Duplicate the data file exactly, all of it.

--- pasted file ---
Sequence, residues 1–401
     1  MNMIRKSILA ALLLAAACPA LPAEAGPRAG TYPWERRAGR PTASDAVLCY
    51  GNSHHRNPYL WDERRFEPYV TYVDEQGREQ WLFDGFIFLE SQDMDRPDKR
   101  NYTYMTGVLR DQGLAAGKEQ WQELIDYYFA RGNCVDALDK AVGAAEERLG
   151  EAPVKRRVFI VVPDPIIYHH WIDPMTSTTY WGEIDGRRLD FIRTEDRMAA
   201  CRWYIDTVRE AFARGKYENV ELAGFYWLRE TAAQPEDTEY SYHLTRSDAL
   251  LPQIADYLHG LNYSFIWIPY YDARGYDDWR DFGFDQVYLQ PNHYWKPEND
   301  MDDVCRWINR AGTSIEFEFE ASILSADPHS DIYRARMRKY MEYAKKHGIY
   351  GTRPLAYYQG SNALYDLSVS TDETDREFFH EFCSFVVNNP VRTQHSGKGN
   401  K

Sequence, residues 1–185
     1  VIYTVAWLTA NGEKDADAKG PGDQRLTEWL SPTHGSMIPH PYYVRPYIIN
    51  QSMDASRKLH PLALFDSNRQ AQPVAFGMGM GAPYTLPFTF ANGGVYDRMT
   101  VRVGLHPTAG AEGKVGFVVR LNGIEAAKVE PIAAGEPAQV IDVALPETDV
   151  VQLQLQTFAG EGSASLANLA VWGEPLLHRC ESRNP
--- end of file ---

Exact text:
Sequence, residues 1–401
     1  MNMIRKSILA ALLLAAACPA LPAEAGPRAG TYPWERRAGR PTASDAVLCY
    51  GNSHHRNPYL WDERRFEPYV TYVDEQGREQ WLFDGFIFLE SQDMDRPDKR
   101  NYTYMTGVLR DQGLAAGKEQ WQELIDYYFA RGNCVDALDK AVGAAEERLG
   151  EAPVKRRVFI VVPDPIIYHH WIDPMTSTTY WGEIDGRRLD FIRTEDRMAA
   201  CRWYIDTVRE AFARGKYENV ELAGFYWLRE TAAQPEDTEY SYHLTRSDAL
   251  LPQIADYLHG LNYSFIWIPY YDARGYDDWR DFGFDQVYLQ PNHYWKPEND
   301  MDDVCRWINR AGTSIEFEFE ASILSADPHS DIYRARMRKY MEYAKKHGIY
   351  GTRPLAYYQG SNALYDLSVS TDETDREFFH EFCSFVVNNP VRTQHSGKGN
   401  K

Sequence, residues 1–185
     1  VIYTVAWLTA NGEKDADAKG PGDQRLTEWL SPTHGSMIPH PYYVRPYIIN
    51  QSMDASRKLH PLALFDSNRQ AQPVAFGMGM GAPYTLPFTF ANGGVYDRMT
   101  VRVGLHPTAG AEGKVGFVVR LNGIEAAKVE PIAAGEPAQV IDVALPETDV
   151  VQLQLQTFAG EGSASLANLA VWGEPLLHRC ESRNP